THOMAS L HERRING
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HONORED ON PANEL 31E, LINE 24 OF THE WALL

THOMAS LEANDRA HERRING

WALL NAME

THOMAS L HERRING

PANEL / LINE

31E/24

DATE OF BIRTH

12/13/1947

CASUALTY PROVINCE

KONTUM

DATE OF CASUALTY

12/02/1967

HOME OF RECORD

RICHMOND

COUNTY OF RECORD

City Of Richmond

STATE

VA

BRANCH OF SERVICE

ARMY

RANK

PFC

Book a time
Contact Details

REMEMBRANCES

LEFT FOR THOMAS LEANDRA HERRING
POSTED ON 12.13.2023
POSTED BY: ANON

76

Your sacrifice is not forgotten.

HOOAH
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POSTED ON 12.27.2022
POSTED BY: John Fabris

honoring you...

A butterfly lights beside us like a sunbeam
And for a brief moment its glory
and beauty belong to our world
But then it flies again
And though we wish it could have stayed...
We feel lucky to have seen it.
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POSTED ON 12.13.2021
POSTED BY: Donna Moore

Happy Heavenly Birthday

You will forever remain in our hearts and prayers
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POSTED ON 5.23.2019
POSTED BY: Lucy Micik

Thank You

Dear PFC Thomas Herring, I hope your photo is put here because yours is missing. Thank you for our service as an Infantryman. It is Memorial Day weekend when we honor you. Please watch over the USA, it still needs your courage. Rest in peace with the angels....
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POSTED ON 11.11.2018

Final Mission of PFC Thomas L. Herring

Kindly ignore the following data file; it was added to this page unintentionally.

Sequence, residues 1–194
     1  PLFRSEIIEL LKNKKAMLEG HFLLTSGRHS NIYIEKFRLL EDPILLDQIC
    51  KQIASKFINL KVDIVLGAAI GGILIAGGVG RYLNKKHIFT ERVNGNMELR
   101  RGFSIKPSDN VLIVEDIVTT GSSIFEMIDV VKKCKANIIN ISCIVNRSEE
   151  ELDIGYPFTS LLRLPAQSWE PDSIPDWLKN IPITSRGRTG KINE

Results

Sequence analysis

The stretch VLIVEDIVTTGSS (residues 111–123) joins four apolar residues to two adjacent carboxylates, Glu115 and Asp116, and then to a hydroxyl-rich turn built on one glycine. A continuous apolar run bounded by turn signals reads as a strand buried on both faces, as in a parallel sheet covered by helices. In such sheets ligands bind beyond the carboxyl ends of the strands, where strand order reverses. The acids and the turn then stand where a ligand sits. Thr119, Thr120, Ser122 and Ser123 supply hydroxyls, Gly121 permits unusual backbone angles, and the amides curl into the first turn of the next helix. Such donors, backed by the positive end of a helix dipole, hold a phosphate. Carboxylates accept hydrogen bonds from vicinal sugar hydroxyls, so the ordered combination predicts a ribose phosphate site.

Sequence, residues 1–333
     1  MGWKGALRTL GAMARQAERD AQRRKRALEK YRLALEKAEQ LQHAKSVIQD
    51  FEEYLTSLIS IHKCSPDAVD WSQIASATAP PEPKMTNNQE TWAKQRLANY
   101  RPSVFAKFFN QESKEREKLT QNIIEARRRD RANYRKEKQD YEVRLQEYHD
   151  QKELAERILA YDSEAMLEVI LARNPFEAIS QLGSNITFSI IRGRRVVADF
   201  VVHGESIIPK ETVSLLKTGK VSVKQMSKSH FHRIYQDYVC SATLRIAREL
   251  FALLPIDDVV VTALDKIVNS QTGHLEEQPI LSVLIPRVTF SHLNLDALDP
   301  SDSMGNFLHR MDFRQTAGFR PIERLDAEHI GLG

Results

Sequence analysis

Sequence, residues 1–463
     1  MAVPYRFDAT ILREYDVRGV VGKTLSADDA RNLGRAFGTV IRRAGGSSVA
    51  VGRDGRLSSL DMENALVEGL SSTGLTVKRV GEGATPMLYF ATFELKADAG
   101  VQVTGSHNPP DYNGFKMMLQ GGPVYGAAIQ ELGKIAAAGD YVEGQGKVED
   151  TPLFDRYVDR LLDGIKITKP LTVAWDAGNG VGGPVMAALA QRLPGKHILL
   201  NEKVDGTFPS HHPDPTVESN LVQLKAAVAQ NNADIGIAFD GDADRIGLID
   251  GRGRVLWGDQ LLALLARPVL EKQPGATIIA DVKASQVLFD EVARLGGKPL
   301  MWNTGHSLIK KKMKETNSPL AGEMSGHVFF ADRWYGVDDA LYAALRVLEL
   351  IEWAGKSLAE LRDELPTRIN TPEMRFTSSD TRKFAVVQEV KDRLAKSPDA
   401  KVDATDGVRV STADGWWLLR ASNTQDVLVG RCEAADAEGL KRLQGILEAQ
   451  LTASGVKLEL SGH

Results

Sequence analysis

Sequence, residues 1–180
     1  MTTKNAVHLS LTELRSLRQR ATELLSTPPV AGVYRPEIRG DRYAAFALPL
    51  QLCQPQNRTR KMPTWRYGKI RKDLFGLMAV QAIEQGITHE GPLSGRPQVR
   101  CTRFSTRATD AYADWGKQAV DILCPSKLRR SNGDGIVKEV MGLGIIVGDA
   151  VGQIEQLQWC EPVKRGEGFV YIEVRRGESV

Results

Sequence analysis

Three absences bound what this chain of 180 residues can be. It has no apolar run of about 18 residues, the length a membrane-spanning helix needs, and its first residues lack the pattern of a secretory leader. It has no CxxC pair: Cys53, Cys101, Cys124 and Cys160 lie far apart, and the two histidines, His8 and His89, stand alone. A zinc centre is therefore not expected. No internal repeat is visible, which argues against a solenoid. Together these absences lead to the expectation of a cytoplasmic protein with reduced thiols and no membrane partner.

In late November 1967, Alpha Company, 3rd Battalion, 12th Infantry, 4th Infantry Division began a patrol in the triple-canopy jungle west of Dak To in Kontum Province, RVN, near the border junctions of South Vietnam, Cambodia, and Laos. The patrol consisted of 114 men in four platoons and sixteen squads. They marched off firebase where the Battalion Commander was directing operations. Alpha Company had been in the field for 10 days, humping the jungle for 8-10 hours per day when it received orders to take Hill 943, a nearby mountain where suspected North Vietnamese Army elements were located. After getting in position, a fifteen-minute fire prep provided by the firebase’s artillery battery preceded Alpha Company’s march up Hill 943. The enemy presence on the mountain was soon confirmed when an elaborate bunker system was located. A search of the underground fortifications found it had been recently abandoned. Shortly after, Alpha blew a landing zone in the jungle so they could be resupplied, then set up a night defensive perimeter where it would pass the night. The following morning, December 2nd, the Company continued its advance through the thick jungle up Hill 943. An enemy command post was found, also abandoned. Its discovery prompted the Battalion Commander to fly out and inspect it personally. As Alpha continued heading up the mountain, a reconnaissance squad on the point position came under fire from some NVA soldiers. Two of the point men were wounded. An airstrike was called in on the enemy positions. As Alpha pulled back with their wounded, U.S. Air Force jets dropped 500 lb. bombs. One of the bombs exploded in the trees overhead, sending shrapnel nearby. In what was considered a freak accident, one of the fragments hit Alpha infantryman PFC Thomas L. Herring in the head, fatally injuring him. A medivac was requested, and Herring and the two wounded were lifted off the mountain. Alpha continued its assault of Hill 943 which was accomplished with no further enemy resistance. They abandoned the hill shortly thereafter, and it soon returned to enemy control. [Taken from coffeltdatabase.org and “Hill 943,” CBS News, 1968]
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